It’s a new year and I’ve committed, for the moment at least, to continuing with the Six Degrees meme which is currently hosted by Kate (booksaremyfavouriteandbest). For details about the meme, please click the link on Kate’s blog-name. Meanwhile, on with the challenge. This month we start with a book that I have, in fact, read, Alexander McCall Smith’s No. 1 Ladies Detective Agency – and, as always, I’ve read all the linked books too, though some before I started blogging.
Most of you will know that light, crime books are not my usual fare. However, there was a time when reading the latest book from this series was something my parents, mother-in-law, husband and I did on our annual coast holiday. When those holidays ceased, somehow the impetus to read the books ceased too. While it lasted, though, it was a lot of fun to share a reading interest, and ponder the warmth and practical problem-solving of Precious Ramotswe.
For my first link, I’m going with a book by another non-African writer setting stories there, Catherine McNamara’s Pelt and other stories (my review). McNamara is an Australian expat writer currently living, I believe, in Italy, but she also lived and worked for some time in Africa. Several stories in this collection, as the cover might suggest, are set in Africa, particularly West Africa. But they are definitely not warm and fuzzy like McCall Smith’s Botswanan set stories!
And since we rarely visit Africa here, let’s stay there for the next link, and look at Chinua Achebe’s Things fall apart (my review), a classic that I finally managed to read in 2016. It’s set in a small village in Nigeria, and deals with the impact of change in Africa – the missionaries, colonialism – by presenting a variety of reactions and behaviours. He shows western colonialism to be arrogant and oblivious to the culture being overtaken, but also sees aspects of African culture which made it vulnerable.
My next link takes us from Africa to Australia, but stays with the idea of missionaries and their role in the colonialism project. The book is Marie Munkara’s Every secret thing (my review). She uses humour to explore her theme, telling stories in which the Bush Mob use every bit of ingenuity they can muster to resist the incursion into their life and culture by the Mission Mob. As with Things fall apart the power imbalance is too strong, but the Bush Mob manages nonetheless to strike some blows for its side.
At this point I had a few options for linking, including staying with the colonialism theme in Australia, and I was highly tempted. However, I suddenly realised that my previous two books had “thing” or “things” in the title, and that I’ve read another book whose title includes this word, Eimear McBride’s A girl is a half-formed thing (my review). It had to be – not only because it was an irresistible connection but because it enabled me to shift gear for this link, and thus the next one.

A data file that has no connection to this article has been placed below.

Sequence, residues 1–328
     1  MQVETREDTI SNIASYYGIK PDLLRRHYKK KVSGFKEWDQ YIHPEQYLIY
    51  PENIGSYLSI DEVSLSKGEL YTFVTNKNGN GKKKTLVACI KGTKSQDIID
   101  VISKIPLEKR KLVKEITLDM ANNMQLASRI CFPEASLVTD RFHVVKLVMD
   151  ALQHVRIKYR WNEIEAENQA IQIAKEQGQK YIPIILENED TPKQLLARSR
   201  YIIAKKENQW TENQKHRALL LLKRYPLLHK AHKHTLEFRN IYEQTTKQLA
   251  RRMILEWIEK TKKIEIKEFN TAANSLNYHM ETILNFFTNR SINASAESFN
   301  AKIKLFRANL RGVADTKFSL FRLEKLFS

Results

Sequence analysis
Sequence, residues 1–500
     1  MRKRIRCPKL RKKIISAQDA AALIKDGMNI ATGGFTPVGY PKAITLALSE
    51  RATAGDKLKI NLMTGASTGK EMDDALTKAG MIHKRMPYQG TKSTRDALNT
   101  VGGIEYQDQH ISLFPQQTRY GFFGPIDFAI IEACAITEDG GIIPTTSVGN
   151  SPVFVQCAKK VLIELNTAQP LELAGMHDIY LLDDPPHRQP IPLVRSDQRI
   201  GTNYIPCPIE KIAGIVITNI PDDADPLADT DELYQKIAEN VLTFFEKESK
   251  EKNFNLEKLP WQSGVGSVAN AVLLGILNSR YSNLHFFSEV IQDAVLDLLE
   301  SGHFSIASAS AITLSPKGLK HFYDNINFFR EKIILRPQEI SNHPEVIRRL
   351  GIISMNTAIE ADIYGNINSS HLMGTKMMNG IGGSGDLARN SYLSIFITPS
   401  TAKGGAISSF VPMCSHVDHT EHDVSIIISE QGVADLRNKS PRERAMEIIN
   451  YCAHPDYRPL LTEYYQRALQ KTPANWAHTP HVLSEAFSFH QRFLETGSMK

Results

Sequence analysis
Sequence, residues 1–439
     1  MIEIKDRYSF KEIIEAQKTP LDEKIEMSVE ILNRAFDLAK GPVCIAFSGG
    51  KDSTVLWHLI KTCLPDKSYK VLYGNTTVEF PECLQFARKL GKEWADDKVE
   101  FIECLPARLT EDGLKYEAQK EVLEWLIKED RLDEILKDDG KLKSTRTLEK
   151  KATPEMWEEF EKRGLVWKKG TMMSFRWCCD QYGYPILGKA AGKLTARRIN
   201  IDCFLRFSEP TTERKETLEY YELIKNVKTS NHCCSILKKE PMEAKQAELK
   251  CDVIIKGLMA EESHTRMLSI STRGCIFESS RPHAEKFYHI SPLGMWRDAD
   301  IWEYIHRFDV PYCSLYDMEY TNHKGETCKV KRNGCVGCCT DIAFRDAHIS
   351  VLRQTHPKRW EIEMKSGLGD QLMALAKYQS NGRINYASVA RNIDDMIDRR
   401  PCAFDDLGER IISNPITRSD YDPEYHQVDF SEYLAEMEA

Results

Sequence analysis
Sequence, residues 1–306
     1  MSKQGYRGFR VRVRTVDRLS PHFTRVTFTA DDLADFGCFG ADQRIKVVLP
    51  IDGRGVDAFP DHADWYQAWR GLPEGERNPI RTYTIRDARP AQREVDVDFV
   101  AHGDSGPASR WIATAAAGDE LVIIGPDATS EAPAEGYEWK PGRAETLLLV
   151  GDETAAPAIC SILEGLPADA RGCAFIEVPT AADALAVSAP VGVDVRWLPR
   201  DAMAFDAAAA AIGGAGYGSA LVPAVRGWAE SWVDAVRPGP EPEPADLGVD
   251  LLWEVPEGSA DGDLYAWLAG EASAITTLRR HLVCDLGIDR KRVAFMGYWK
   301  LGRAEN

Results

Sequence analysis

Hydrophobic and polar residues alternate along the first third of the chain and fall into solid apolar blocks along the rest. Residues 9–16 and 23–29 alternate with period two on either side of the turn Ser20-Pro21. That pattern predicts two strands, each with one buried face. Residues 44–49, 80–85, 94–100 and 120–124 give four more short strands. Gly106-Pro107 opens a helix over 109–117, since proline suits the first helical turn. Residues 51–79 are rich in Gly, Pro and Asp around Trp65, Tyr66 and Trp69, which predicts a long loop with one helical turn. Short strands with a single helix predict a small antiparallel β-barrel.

If you’ve read McBride’s book, you will know it is a tough read about a young girl who feels alone and unsupported in her family, for understandable reasons – but she doesn’t deserve what happens to her. It reminded me of a book I read this year which had a similar gut-wrenching impact on me, and whose protagonist, while different, feels unsupported by her family and, increasingly, an outsider within her community. The book is Anosh Irani’s The parcel (my review) about the transgendered Madhu in Mumbai’s red-light district.
For my last link, I’m sticking with the idea of outsiders, and returning to an indigenous Australian writer. The book is Tony Birch’s Ghost River (my review). It tells of the friendship between two young boys, Ren and Sonny, and their involvement with a group of homeless men living by the river and about to be “dispossessed” of their spot by plans to build a freeway. These men, though, are not the only outsiders in the book. Sonny, who is from a disadvantaged background, is also an outsider. Birch demonstrates that once you are an outsider, everything is just that much harder. It’s a double whammy.
So, this month we’ve travelled from Africa to Australia, then popped over to Ireland before returning to Australia via India. Our writers, though, have been even more multicultural – two indigenous Australian writers, an Indian-born Canadian writer, an expat-Australian writer living in Italy, an Irish writer born in England, and an African writer. What a fascinating bunch, eh?
And now, have you read The No. 1 Ladies’ Detective Agency? And whether or not you have, what would you link to?